A new study from the University of Portsmouth in the United Kingdom confirms how aggressive a person is can be identified by the way they walk. The research conducted on the personalities of 29 participants shows potential relationship between an individual’s biological motion (thorax and pelvis movements, and speed of gait) and their intention to engage in aggression-linked crime.
Mr. Liam Satchell, of the Department of Psychology at the University of Portsmouth, explains how an exaggerated movement of both the upper and lower body indicates intention to engage in aggressive behavior:
When walking, the body naturally rotates a little; as an individual steps forward with their left foot, the left side of the pelvis will move forward with the leg, the left shoulder will move back and the right shoulder forward to maintain balance. An aggressive walk is one where this rotation is exaggerated.”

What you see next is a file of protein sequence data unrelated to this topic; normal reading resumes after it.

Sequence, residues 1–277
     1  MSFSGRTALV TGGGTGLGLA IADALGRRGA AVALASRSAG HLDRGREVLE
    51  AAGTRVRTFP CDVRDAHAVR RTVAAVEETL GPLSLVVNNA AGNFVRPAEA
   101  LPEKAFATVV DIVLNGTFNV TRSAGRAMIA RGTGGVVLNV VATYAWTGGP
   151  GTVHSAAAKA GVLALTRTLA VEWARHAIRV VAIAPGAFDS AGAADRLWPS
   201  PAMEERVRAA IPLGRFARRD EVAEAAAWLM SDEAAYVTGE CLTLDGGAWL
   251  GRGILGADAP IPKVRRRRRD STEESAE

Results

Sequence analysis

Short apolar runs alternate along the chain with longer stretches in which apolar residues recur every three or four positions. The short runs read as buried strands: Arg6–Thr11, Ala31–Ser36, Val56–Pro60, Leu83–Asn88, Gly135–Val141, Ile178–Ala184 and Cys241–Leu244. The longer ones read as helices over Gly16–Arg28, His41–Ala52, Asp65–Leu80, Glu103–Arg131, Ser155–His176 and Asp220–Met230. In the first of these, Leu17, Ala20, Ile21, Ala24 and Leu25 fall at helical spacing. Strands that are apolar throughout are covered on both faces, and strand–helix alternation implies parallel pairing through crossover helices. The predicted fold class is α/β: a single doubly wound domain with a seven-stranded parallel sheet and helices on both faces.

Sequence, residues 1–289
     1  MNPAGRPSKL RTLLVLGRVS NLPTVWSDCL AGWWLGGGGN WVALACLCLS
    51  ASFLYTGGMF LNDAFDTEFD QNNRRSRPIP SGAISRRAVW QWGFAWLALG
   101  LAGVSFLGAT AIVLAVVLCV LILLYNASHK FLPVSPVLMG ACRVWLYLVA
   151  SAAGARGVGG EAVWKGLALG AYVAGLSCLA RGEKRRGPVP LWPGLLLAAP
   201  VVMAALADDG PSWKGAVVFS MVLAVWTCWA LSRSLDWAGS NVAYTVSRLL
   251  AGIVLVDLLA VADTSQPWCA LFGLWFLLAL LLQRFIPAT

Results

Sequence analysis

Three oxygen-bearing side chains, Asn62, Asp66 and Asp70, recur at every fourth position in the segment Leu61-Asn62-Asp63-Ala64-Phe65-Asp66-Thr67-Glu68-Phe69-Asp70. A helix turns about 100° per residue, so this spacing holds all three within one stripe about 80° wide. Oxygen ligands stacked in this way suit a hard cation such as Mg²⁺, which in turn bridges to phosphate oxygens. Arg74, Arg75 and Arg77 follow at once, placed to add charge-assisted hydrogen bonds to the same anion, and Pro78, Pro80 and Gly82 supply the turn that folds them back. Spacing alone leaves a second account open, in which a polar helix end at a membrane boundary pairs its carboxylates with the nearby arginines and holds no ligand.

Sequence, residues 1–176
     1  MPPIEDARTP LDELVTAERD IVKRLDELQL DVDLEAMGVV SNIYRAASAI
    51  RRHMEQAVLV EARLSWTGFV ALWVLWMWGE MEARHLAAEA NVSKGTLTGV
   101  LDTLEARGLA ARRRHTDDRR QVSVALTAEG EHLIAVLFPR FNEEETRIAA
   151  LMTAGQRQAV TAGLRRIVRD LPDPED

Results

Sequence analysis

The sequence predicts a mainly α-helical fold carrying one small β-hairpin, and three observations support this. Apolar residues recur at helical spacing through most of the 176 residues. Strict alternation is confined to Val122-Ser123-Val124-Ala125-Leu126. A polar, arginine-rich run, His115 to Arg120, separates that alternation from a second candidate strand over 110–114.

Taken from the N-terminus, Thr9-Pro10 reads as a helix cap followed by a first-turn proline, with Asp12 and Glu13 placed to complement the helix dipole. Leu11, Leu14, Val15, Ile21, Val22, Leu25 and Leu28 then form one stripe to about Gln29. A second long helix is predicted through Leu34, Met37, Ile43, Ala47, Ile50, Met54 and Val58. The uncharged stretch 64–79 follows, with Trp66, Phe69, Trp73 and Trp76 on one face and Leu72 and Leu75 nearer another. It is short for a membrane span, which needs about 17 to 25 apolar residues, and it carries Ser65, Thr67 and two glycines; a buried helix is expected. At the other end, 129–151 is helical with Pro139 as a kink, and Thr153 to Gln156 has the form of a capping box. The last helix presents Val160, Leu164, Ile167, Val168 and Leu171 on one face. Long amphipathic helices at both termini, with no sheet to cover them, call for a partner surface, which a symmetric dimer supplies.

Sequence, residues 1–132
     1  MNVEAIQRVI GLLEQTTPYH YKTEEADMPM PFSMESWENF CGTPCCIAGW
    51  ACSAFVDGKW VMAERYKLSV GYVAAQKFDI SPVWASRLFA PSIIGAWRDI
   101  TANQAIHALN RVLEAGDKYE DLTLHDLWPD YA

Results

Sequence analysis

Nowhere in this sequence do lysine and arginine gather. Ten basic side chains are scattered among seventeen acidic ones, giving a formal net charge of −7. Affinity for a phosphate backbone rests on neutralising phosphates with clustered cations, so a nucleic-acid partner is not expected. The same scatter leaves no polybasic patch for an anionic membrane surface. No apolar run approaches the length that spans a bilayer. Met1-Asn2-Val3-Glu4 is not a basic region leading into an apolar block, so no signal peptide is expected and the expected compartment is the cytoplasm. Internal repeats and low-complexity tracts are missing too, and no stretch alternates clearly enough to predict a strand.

The researchers employed the use of motion capture technology to record the participants walking at their natural speed on a treadmill. A standard personality test called the ‘big five’ was also used to assess their personality traits including openness, conscientiousness, extraversion, agreeableness and neuroticism. All these helped the researchers in mapping the way the participants think, feel and behave.
While further confirming how movement manifests personality, the team point out that it “would be beneficial if there were cues to an approaching stranger’s inclination to aggression in their gait.”
We know of no other examples of research where gait has been shown to correlate with self-reported measures of personality and suggest that more research should be conducted between automatic movement and personality, Mr Satchell said.
Satchell and colleagues however emphasize on how understanding the relationship between individual’s biological motion and their intention to engage in aggression could help prevent crime.